NO PUERTO RICO BILL FROM CONGRESS BY MAY 1st.PUERTO RICO GDB CLOSE TO A DEAL WITH CREDI-TORS. WITH ILLINOIS LAWMAKERS AT AN IMPASSE CHICAGO PUBLIC SCHOOLS LOOKS FOR FUNDING.
No Puerto Rico Bill From Congress By May 1st… Lawmakers have yet to resolve the politically charged issue of how to help Puerto Rico deal with its $70 billion debt crisis. Legislation, outlined in previous issues of GMS Review/Preview, has been undergoing revisions since a version was pulled from the House Natural Resources Committee’s consideration last week after objections raised by members of both parties and the Treasury Department. Committee Chairman, Rob Bishop (R-Utah) has said that Republicans are discussing “modest” tweaks to the bill, H.R. 4900. House leaders concede there is little chance of passing a Puerto Rico bill before a May 1st deadline on a $422 million debt payment, leaving members worried the urgency of the debate could wane until the next crisis point. Municipal bond insurers, including AMBAC and Assured Guaranty, as well as investment firms with big stakes have increased efforts to resolve the Island’s debt crisis by stepping up their lobbying spending this year as Congress struggles with legislation to address the problem. Many in Congress feel the legislation is a pure and simple bailout on the backs of bondholders. Bishop said “The bill is the most reasonable way to help all bondholders. The goal is to make sure everyone is paid, not just a few people.”
Puerto Rico’ GDB Close To A Deal… Puerto Rico’s Government Development Bank (GDB), operating under a state of emergency to preserve cash, is about half-way toward reaching a forbearance agreement with creditors owning $120 million of debt, according to an official. The GDB, which lent to the Commonwealth and its municipalities, owes $422 million on May 1st that officials have said the bank cannot pay. Such an agreement would allow the parties to negotiate out of court. The GDB said there is no agreement yet. While they are actively negotiating in good faith with creditors, no one on the team has suggested agreements have been reached. The bank has filed to sell debt that would mature in May 2017. The bank has $562 million of liquidity, according to a debt-moratorium law passed two weeks ago.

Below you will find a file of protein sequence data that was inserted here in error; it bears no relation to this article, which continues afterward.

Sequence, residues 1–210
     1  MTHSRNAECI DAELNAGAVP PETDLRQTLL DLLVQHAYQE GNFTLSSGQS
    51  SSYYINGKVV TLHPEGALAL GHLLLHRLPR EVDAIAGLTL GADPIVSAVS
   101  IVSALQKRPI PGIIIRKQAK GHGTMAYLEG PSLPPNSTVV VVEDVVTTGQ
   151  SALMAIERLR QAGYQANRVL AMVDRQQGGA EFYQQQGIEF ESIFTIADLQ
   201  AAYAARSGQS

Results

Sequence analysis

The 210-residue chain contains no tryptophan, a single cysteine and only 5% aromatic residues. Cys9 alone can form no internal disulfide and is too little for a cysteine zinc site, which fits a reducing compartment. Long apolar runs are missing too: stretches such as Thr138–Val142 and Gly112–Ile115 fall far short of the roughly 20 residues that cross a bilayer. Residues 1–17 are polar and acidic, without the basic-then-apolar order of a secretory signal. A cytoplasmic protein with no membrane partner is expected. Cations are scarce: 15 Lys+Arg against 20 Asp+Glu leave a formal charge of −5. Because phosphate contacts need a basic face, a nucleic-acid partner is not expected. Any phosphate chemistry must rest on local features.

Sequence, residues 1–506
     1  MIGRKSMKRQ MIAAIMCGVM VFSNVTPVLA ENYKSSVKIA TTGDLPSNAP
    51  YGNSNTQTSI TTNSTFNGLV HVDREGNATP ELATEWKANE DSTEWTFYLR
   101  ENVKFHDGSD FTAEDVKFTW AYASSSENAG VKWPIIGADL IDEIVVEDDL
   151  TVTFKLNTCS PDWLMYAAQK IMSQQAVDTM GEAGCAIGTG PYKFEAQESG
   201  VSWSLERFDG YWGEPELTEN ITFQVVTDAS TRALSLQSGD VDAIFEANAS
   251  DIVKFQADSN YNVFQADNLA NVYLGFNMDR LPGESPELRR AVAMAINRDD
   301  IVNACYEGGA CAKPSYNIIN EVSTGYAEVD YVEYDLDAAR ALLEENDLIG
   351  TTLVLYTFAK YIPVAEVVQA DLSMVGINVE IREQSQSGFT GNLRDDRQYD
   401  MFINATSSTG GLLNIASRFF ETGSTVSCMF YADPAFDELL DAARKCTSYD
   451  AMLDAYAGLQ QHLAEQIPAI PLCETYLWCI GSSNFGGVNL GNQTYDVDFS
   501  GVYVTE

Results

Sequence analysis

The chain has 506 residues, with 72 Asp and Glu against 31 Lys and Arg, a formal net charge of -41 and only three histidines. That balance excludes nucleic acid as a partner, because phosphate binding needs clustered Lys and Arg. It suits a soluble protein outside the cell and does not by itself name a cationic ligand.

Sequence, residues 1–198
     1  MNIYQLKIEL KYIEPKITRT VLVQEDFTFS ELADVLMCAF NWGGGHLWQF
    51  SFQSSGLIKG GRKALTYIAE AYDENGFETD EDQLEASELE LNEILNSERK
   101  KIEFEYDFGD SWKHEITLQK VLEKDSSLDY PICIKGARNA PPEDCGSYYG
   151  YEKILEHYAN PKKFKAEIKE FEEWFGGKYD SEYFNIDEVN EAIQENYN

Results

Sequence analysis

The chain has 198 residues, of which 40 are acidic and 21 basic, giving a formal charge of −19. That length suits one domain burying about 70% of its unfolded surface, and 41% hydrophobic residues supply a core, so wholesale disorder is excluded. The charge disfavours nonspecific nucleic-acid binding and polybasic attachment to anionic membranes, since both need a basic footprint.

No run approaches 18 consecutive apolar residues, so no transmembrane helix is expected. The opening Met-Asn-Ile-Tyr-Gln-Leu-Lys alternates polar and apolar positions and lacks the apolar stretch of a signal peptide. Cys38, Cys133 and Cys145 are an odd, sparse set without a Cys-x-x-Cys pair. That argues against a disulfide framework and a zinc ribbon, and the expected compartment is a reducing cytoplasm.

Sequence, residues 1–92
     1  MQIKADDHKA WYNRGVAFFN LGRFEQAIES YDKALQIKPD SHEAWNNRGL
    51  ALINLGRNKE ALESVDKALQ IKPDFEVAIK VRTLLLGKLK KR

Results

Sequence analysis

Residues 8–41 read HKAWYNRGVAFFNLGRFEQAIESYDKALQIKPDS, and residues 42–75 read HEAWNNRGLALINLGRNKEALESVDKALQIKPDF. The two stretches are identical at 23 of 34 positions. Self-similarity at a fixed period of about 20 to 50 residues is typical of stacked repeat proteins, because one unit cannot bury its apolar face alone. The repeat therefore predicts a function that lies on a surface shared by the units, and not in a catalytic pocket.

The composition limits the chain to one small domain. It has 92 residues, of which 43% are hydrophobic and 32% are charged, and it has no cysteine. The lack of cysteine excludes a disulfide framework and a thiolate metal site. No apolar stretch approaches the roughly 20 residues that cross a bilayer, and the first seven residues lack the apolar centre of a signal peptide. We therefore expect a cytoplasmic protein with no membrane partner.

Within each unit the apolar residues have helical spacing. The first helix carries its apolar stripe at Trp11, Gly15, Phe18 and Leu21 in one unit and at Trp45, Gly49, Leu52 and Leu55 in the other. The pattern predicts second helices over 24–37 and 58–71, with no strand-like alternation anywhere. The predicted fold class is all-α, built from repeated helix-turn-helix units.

Moody’s Says Puerto Rico Will Default On May 2nd… The cash-strapped Com-monwealth is expected to fall short of paying $422 million to bondholders from the GDB, the credit rater said Friday in a report. It may also default on debt from the Employees Retirement System, Industrial Development Co. and Highways and Transportation Authority because the GDB has just $562 mil-lion in liquidity as of April 1st, Moody’s said. Moody’s expects Puerto Rico to pay the less than $3 million owed in May to bondholders of general obligation bonds and securities guaranteed by the Common-wealth’s constitution to “avoid the almost certain litigation that would quickly follow.” Sales Tax backed debt, known by the Spanish acronym COFINA will pay with funds already deposited with the trustee. Appropriation debt from the Public Finance Corp., which accounts for 75% of all Puerto Rico defaults so far, will fail to pay yet again, Moody’s said.